Exposure to materials that appear moldy has also been associated with ODTS. In a Swedish study,20 higher mold spore counts were found on farms where workers had experienced ODTS symptoms than on farms where no ODTS symptoms had been reported. Inhalation challenge of laboratory animals with Aspergillus fumigatus, a mold commonly found in agricultural settings, caused neutrophilic lung inflammation similar to that seen after endotoxin challenge.21 Human inhalation challenge with mold spores has not been performed for ethical reasons. However, molds have been cultured from the lung-biopsy specimens of patients with ODTS.22 These observations, as well as reports from persons who had developed ODTS, suggest that inhalation exposure to mold spores is another cause of this syndrome. Although molds have been identified in hog confinement barns, it is not clear if the mold spore counts are sufficiently elevated to cause ODTS.23,24 Therefore, inhalation exposure to endotoxin is considered the most likely cause of ODTS symptoms experienced by individuals who work in hog barns.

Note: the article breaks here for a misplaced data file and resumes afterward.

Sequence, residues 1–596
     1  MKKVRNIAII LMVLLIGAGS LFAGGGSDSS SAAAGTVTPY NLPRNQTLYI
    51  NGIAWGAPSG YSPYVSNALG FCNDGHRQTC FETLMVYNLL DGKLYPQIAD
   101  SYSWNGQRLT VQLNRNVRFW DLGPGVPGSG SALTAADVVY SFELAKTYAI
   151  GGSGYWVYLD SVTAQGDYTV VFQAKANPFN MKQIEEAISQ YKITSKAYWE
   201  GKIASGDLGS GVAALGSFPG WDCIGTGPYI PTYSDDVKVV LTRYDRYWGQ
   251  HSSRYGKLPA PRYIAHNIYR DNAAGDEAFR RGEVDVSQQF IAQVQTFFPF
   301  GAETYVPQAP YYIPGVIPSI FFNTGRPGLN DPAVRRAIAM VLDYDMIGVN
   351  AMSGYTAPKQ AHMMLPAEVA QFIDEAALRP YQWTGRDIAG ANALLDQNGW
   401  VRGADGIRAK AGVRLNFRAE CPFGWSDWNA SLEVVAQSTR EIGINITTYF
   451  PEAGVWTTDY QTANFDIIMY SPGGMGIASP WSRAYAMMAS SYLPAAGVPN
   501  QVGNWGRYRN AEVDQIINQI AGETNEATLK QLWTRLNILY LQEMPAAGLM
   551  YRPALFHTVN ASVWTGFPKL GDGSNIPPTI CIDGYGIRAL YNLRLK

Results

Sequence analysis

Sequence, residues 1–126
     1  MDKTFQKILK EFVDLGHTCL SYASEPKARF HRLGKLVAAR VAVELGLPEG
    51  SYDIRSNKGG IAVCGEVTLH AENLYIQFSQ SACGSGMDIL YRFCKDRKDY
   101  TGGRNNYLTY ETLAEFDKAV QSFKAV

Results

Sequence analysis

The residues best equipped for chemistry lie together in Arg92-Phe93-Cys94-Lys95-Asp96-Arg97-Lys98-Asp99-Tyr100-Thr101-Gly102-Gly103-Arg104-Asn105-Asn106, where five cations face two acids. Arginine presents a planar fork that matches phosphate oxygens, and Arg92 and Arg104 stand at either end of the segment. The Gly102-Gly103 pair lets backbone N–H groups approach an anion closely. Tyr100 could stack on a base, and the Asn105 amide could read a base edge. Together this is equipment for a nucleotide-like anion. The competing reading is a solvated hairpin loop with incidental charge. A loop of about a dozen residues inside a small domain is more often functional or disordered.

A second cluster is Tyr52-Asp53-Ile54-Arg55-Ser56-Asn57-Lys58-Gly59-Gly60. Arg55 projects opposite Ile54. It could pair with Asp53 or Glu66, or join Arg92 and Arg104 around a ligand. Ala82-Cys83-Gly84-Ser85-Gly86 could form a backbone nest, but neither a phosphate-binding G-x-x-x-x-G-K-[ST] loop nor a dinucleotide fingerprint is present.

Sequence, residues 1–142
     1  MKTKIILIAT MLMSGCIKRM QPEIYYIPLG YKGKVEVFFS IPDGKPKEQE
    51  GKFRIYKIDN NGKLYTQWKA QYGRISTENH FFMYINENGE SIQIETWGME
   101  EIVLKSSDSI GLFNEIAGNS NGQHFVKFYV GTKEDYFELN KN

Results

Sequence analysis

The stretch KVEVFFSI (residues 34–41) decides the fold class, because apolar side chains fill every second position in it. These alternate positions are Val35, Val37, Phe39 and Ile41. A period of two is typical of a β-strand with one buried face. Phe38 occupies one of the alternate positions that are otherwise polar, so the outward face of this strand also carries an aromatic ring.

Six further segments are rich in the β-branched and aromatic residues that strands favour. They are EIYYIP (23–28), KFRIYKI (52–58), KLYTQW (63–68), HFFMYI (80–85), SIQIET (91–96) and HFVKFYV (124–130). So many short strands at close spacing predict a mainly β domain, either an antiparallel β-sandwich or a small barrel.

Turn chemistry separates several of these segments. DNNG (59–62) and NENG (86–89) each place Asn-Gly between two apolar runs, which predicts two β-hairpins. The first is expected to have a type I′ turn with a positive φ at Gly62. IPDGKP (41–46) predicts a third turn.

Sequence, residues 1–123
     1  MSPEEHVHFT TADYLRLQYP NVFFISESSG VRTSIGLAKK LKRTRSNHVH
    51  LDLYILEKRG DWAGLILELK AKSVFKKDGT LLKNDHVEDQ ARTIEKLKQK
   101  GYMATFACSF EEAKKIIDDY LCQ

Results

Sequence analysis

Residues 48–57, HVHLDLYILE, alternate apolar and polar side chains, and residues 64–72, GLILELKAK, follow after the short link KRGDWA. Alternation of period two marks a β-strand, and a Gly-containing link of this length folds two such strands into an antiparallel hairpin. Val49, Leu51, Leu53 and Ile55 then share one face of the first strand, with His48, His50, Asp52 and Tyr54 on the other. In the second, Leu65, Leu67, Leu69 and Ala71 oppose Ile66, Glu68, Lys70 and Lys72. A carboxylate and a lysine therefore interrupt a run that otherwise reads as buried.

A careful occupational exposure history, with an emphasis on work activities during the previous 48 hours, is key for making the diagnosis of ODTS. This history will often elicit a description of heavy inhalation exposure to organic dust, frequently without use of a respirator. If the task involves handling grain or fodder, these materials are frequently, but not always, described as being spoiled. Several persons working together may all become ill with ODTS.